LAS VEGAS -- In the third year of a new format that emphasizes meetings with suppliers in suites over a traditional exhibit floor, Home Entertainment 2004, the annual show of the Video Software Dealers Association, Encino, Calif., got high marks from most supermarket executives polled by SN.
However, with merger talks progressing with the music retailers group, the National Association of Recording Merchandisers, Marlton, N.J., and speculation that the show may switch to another hotel in Las Vegas -- its third in four years -- more change is in the wind.
"The show itself is a great format," said Denis Oldani, director of video, Schnuck Markets, St. Louis. It allows retailers to sit down and talk with the decision makers at the studios "and have true discussions on where the business is headed, where you want to go, where they want to go, and work together to get there," he said.
A possible merger of VSDA and NARM "is a natural," Oldani said. "They have the same issues. The recording industry isn't what it used to be, and it fits very well with video."
"It's a great opportunity to get together with the studios and our partners at Ingram," said Jeff Holdsworth, category merchant, photo/video, Wegmans Food Markets, Rochester, N.Y. On the NARM merger, "it should be great if we can grow the whole organization," he said.
"We think it would be a very positive development if the shows were combined or run in the same time frame, in the same venue," said Bill Bryant, vice president, sales, Ingram Entertainment, La Vergne, Tenn.
"It's been another great year at VSDA," said Brad Ufer, video merchandiser, Coborn's, St. Cloud, Minn. "We met with a lot of studios and talked about ways to grow our business. I look forward to combining with NARM to make the event more exciting and more accessible to everyone."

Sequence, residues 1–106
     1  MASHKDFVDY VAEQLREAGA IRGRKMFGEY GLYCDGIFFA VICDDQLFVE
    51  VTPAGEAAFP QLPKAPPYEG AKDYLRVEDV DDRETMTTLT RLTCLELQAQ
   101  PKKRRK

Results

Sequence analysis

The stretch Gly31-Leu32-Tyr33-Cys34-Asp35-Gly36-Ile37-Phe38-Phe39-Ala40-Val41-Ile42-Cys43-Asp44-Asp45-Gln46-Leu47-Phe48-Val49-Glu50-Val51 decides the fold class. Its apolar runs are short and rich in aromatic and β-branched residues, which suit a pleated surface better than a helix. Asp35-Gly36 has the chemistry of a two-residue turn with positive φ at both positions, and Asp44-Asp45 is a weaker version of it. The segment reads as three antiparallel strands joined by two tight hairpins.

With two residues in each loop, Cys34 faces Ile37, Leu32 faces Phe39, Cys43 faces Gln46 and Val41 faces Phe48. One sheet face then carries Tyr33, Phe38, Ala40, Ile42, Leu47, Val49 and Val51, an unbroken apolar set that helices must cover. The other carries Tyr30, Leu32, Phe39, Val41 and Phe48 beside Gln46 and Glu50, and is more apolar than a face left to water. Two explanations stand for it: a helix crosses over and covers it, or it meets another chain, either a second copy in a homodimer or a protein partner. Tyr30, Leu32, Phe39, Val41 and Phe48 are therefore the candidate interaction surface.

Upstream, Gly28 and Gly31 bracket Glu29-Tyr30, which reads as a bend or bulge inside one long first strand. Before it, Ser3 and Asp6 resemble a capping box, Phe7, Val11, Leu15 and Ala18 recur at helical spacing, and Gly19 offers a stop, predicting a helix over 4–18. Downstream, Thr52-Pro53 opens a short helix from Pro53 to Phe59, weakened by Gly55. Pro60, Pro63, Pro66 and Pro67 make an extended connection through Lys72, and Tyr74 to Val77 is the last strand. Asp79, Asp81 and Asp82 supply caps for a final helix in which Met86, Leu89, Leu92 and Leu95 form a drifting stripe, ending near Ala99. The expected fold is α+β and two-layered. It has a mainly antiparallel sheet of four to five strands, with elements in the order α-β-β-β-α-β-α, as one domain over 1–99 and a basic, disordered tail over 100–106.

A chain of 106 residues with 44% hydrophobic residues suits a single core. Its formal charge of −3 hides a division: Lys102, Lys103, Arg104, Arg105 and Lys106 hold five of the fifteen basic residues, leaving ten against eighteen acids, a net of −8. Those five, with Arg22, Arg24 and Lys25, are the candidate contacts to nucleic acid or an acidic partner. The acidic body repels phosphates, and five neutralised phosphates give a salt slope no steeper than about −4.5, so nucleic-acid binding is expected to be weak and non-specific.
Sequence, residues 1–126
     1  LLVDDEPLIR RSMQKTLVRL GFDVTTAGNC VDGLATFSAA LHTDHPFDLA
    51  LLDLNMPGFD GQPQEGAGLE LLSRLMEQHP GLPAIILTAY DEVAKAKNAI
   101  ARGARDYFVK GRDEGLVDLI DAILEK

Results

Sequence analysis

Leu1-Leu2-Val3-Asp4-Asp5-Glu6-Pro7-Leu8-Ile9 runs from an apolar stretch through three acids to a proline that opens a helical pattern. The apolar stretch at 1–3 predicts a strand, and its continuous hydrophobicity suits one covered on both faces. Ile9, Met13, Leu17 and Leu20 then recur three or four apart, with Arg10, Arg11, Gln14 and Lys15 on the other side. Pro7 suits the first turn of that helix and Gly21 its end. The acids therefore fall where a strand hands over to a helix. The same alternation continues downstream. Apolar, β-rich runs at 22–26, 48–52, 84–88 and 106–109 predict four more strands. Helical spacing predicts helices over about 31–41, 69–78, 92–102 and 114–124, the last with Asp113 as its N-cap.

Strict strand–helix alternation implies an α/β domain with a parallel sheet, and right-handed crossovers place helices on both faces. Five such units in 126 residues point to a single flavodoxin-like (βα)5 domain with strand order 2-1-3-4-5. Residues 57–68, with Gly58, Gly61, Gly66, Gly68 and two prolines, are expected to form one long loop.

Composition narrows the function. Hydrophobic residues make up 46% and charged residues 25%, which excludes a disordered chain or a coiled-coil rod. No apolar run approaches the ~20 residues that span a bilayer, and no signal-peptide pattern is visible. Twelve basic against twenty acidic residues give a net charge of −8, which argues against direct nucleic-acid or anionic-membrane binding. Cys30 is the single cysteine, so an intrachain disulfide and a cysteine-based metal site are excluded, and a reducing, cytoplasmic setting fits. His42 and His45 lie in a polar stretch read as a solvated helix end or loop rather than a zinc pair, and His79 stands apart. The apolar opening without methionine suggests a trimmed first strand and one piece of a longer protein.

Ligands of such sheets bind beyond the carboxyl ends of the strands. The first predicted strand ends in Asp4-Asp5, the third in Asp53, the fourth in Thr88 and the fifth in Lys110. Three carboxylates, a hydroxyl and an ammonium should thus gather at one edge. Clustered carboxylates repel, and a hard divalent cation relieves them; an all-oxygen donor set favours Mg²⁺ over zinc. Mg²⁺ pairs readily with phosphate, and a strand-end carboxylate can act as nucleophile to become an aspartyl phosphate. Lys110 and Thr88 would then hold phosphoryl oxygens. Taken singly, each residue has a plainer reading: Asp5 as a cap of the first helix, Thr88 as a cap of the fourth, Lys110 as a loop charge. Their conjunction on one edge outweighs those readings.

Chuck Porter, director, Iggle entertainment and video, Giant Eagle, Pittsburgh, who was named secretary of VSDA at the show, said it's too early to know what will happen with NARM. "For me personally and for Giant Eagle, the studio meetings we have had have been very good for us," he said.
Even if the merger of the two associations can't be worked out, the two shows may be co-located next year, Bo Andersen, president of VSDA, told SN.
While final numbers for this year's show were not available, he said pre-registration for attendees was equal to or better than last year's, and the number of exhibitors was up. "I expect the final attendance numbers to be above last year," he said.
Most suppliers polled by SN also had good things to say about their meetings with retailers at the show and about the potential merger. They mentioned that the two groups have much in common in terms of products and policy concerns, particularly the hot-button piracy issue. Also, a combined show might draw more of the bigger retailers who many suppliers missed seeing this year.
"I think there's a great story to be told by consolidating with NARM in that you turn the event into a relevant, pre-recorded media conference," said Steven Feldstein, senior vice president, marketing communications, Twentieth Century Fox Home Entertainment, Century City, Calif.
One dissenting note was sounded by Bill Sondheim, president, GoodTimes Entertainment, New York. He said the NARM show has a tradition of presenting live, musical performances. This might draw people away from the business-oriented meetings that have made VSDA's recent shows successful.
The combined show might also further disenfranchise the smaller retailers. "I don't want to lose the ability to communicate with them, so I'm concerned about that," he said.